With rent prices falling all over Dublin but rising on campus, Bridget Fitzsimons asks if UCD can offer value for money.
FOR STUDENTS COMING to UCD from counties beyond the Pale, rent is a primary collegiate expense. Situated as it in the leafier suburbs of south Dublin, rents in Belfield and the surrounding areas have historically been reasonably high. But now, due to the spiralling economic climate and the collapse of the property market, rents across the city have fallen dramatically – a trend that sadly has not been followed on the Belfield campus.
While rents are estimated to have dropped by 17 per cent in Dublin, according to a report conducted by property website Daft.ie, rent on campus has continued to rise by an average of seven per cent each year.
According to the Daft report, South County Dublin has experienced the sharpest fall in rents of any area in Ireland over the past year. Indeed, rental prices in the area have fallen 23 per cent from their peak. In an economic climate like ours, where prices are falling in the surrounding areas of Belfield, why is UCD continuing to raise on-campus rent?
The three main undergraduate residences on campus – Belgrove, Merville and Roebuck Hall – all charge rents well above the market average. The former two residences cost €4,288 for the academic year, which runs from 31st August to 21st May, with Roebuck Hall charging €5,324 for the same period. Weekly rates work out at €113 and €140 per week respectively.
While both Merville and Belgrove fall within the current national average, the facilities on campus cannot be compared to those provided in private residences. UCD on-campus accommodation is quite basic; Roebuck Hall charges above the market rate, yet apartments do not have an oven, as students are only provided with hobs and a microwave.
Similarly, residents in Merville and Belgrove must share toilets, and some in Belgrove are even required to share bedrooms. If a student can get their own room off-campus a short walk away, why would they pay more to live within the campus walls? While the convenience of living on campus cannot be denied, the standard of the accommodation simply do not justify the constant rise in prices.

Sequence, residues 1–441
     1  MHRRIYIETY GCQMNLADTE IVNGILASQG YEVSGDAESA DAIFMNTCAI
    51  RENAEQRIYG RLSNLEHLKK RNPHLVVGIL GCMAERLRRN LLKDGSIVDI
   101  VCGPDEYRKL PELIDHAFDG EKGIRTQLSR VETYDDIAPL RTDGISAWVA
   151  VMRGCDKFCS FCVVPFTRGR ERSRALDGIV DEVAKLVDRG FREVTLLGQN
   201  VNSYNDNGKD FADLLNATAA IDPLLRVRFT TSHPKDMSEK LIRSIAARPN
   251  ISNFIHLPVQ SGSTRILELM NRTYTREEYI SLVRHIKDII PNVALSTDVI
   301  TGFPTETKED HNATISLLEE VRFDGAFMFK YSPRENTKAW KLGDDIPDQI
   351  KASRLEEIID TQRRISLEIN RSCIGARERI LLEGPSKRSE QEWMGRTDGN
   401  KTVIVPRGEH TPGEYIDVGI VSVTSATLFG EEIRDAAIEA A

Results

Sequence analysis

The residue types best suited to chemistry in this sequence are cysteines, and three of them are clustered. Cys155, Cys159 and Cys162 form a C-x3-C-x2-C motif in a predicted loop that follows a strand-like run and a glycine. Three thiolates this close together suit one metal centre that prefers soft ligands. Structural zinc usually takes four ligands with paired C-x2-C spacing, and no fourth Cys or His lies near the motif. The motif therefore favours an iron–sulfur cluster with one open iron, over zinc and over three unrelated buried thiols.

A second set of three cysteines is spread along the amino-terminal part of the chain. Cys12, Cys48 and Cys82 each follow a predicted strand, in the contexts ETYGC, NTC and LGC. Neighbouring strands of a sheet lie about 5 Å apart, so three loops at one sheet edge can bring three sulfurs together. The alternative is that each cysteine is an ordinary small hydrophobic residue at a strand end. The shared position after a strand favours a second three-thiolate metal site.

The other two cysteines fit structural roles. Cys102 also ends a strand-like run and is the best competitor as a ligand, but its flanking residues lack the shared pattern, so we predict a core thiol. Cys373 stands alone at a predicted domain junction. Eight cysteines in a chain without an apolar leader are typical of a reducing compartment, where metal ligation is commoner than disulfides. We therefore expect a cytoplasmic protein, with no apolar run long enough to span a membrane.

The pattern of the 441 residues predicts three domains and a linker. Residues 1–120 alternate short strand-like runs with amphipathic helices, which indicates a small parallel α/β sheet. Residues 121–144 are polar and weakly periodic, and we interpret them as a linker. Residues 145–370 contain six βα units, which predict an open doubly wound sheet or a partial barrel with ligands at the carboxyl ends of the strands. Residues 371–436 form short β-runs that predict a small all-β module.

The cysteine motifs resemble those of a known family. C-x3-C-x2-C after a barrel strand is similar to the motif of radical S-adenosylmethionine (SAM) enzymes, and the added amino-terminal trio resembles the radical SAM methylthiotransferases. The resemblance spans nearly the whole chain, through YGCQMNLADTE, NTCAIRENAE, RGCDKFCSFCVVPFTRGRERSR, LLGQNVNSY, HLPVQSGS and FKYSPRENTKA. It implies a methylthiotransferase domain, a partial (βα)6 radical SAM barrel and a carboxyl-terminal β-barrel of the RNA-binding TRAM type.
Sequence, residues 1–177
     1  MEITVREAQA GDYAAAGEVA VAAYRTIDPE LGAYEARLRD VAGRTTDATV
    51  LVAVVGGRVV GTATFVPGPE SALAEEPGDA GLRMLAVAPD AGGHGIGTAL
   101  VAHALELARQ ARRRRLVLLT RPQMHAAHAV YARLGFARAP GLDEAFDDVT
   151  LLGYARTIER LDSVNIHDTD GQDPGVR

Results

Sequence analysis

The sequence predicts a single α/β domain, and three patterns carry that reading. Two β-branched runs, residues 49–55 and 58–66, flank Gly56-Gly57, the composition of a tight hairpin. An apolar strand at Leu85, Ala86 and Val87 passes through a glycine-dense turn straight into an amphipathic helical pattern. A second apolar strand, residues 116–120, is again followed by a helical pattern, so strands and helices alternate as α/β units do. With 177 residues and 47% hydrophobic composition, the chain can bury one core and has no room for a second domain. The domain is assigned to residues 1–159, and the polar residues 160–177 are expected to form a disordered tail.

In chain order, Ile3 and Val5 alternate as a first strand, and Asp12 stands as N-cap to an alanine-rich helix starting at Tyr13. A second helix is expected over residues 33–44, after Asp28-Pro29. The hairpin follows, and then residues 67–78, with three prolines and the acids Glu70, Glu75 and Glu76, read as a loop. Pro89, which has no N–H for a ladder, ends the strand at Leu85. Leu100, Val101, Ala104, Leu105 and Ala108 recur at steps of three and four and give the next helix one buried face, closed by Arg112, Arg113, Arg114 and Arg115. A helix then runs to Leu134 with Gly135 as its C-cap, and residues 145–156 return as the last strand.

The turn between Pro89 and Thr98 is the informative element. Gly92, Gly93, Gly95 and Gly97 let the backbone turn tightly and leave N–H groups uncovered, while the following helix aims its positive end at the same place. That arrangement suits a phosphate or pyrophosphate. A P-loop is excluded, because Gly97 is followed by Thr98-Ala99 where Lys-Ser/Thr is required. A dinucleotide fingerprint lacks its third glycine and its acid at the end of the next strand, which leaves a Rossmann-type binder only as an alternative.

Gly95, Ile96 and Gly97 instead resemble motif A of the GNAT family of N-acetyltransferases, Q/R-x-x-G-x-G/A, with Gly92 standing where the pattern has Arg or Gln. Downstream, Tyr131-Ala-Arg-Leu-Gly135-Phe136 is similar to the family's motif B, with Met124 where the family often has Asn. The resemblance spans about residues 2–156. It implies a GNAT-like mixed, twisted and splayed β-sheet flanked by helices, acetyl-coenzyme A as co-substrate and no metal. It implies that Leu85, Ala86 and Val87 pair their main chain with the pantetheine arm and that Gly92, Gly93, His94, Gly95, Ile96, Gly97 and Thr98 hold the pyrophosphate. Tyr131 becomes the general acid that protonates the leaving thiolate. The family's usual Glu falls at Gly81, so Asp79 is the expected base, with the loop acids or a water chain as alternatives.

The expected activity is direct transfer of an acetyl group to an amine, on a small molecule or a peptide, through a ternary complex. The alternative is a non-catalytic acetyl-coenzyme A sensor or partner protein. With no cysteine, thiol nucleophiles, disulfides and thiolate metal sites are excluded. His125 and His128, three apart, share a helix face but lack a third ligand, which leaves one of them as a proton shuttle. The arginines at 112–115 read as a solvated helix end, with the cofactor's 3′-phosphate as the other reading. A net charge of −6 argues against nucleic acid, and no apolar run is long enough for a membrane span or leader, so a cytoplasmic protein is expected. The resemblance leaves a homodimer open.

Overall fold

“While the convenience of living on campus cannot be denied, the standard of the accommodation simply do not justify the constant rise in prices”
According to Students’ Union Accommodation Officer, Dave Jones, this year’s rise in rent prices for on-campus accommodation is about seven per cent, while South Dublin prices have fallen by 17 per cent. It is no wonder then that residences have had trouble filling spaces this year, with applications extended to second years and others traditionally turned away from campus living. Residences are still not full, something of an anomaly when first year, final year and international students ordinarily snap up the 2,747 on-campus bedrooms.
It seems as if students are finally voting with their feet, and telling UCD that the ridiculous fees are simply not acceptable. If a student can get their own room, far more space than they would on campus, and the peace and quiet that UCD residences simply cannot provide, they will take it. The surrounding areas of Clonskeagh, Ranelagh, Stillorgan, Blackrock and Booterstown offer more personable accommodation only a short walk away.
UCD must offer more value for money if they want campus residences to once again become the most desirable option for students. In times of economic downturn, students are one of the groups hardest hit. With the possibility of third-level fees bearing down on new students, budgeting is now more important than ever. Parents, who are undoubtedly feeling the strain, will make more of an effort to help their children source cheaper accommodation instead of just sending them to on-campus accommodation, which seems like an easier option. Individuals are becoming more proactive in saving money, and UCD must budget for this.
In the long run, there is more money to be made by offering smaller rents and having on campus residences full, than having expensive rent and be desperate for applicants.
It is up to students to demand better value and better services, and this is what they seem to be doing this year. UCD accommodation should be based on value for money and provision of good services, instead of an opportunity to rip students off.
Students simply do not have the money to throw away on overpriced accommodation anymore. UCD will not fill these spaces by appealing to other students, as few can afford the current rates.
UCD must realise that it is surrounded by affordable and well-serviced accommodation, and strive to provide competitive encouraging students to live there for the year. Until this happens, the UCD halls of residence will remain unfilled.